As a side note to duck chart aficionados, this savings profile differs somewhat from engineering models, which predict more savings earlier in the afternoon and in non-summer months. As more solar generation comes online, there is growing concern about meeting the steep evening ramp. Our estimates suggest that air conditioning investments deliver more savings than expected during these evening hours, and thus could become more valuable as renewables penetration increases.
These savings are highly correlated with the value of electricity. The figure below shows the value of electricity by hour-of-day in California for February and August, in dollars per megawatt-hour. We include wholesale electricity prices and the “resource adequacy” payments that generators receive to make sure they will be available when demand is high. The different data series in each panel show different methods for allocating resource adequacy contract prices to high load hours. For example, with “Top Hour” we assign the entire capacity value to the highest load hour-of-day in each month.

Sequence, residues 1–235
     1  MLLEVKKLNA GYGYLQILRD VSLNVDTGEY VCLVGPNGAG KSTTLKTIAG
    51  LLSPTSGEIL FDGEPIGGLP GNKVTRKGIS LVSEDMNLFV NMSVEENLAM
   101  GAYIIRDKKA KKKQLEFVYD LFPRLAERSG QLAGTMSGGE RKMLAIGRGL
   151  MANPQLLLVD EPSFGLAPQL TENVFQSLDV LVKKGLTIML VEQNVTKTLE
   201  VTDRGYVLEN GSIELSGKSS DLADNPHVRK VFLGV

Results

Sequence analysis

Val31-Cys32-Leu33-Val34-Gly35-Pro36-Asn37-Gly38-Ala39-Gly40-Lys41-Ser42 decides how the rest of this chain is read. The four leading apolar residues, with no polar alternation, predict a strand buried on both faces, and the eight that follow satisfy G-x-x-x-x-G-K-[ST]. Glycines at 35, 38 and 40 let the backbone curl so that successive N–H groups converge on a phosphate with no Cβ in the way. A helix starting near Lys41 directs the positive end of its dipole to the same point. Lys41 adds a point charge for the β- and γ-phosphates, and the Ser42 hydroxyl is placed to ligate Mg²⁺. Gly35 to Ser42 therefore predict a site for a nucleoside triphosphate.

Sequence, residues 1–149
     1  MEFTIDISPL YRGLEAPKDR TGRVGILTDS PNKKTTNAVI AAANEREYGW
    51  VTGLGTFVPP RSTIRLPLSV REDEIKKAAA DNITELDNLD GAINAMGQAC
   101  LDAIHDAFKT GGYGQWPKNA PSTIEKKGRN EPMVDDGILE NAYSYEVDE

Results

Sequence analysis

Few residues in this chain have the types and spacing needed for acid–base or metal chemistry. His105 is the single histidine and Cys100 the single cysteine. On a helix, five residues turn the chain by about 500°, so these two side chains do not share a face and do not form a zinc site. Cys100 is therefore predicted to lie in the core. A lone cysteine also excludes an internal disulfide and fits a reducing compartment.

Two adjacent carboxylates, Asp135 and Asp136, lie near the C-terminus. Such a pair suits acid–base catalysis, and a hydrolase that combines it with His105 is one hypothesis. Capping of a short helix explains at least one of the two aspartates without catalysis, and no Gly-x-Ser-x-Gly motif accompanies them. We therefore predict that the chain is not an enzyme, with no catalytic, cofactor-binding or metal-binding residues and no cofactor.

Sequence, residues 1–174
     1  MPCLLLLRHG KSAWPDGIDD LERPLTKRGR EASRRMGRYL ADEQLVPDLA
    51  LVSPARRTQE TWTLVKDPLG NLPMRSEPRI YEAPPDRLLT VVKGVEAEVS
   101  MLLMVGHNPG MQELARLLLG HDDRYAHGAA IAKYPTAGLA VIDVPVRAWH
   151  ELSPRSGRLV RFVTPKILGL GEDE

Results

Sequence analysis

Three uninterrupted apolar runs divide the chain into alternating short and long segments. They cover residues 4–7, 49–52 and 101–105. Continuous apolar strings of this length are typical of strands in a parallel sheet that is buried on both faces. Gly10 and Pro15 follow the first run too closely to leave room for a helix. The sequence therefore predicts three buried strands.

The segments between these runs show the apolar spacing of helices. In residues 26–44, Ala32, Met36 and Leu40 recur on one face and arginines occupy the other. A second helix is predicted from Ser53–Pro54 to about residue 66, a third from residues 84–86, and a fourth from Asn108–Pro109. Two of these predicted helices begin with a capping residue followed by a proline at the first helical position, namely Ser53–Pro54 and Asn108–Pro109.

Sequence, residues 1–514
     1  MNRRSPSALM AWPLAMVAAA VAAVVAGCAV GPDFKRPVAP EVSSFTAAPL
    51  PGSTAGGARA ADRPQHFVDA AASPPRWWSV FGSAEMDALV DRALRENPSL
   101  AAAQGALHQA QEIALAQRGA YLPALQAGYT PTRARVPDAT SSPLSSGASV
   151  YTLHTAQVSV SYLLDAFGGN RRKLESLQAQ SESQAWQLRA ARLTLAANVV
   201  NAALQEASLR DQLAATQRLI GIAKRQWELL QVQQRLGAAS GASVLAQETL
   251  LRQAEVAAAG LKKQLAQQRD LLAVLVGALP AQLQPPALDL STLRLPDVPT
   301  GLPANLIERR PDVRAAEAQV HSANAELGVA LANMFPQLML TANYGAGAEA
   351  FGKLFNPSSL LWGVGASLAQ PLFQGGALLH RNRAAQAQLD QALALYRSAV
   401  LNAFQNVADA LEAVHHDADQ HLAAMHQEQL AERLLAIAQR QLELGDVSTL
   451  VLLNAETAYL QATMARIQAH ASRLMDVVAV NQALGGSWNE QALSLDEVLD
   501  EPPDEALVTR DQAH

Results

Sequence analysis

Wholesale Electricity Prices and Capacity Values
Regardless of exactly how we allocate resource adequacy payments, these figures make clear that summer afternoons are crunch time in California electricity markets. Unlike natural gas, electricity cannot be cost-effectively stored even for short periods so during these ultra-peak periods there is nothing preventing wholesale prices and capacity values from rising sky high.
And this is exactly when air conditioning investments yield their largest electricity savings. Efficient air conditioners don’t save electricity in the middle of the night or during the winter, but electricity is less valuable at these times anyway. Overall, we estimate that accounting for timing increases the value of air conditioner investments by 50% relative to a naive calculation that ignores timing.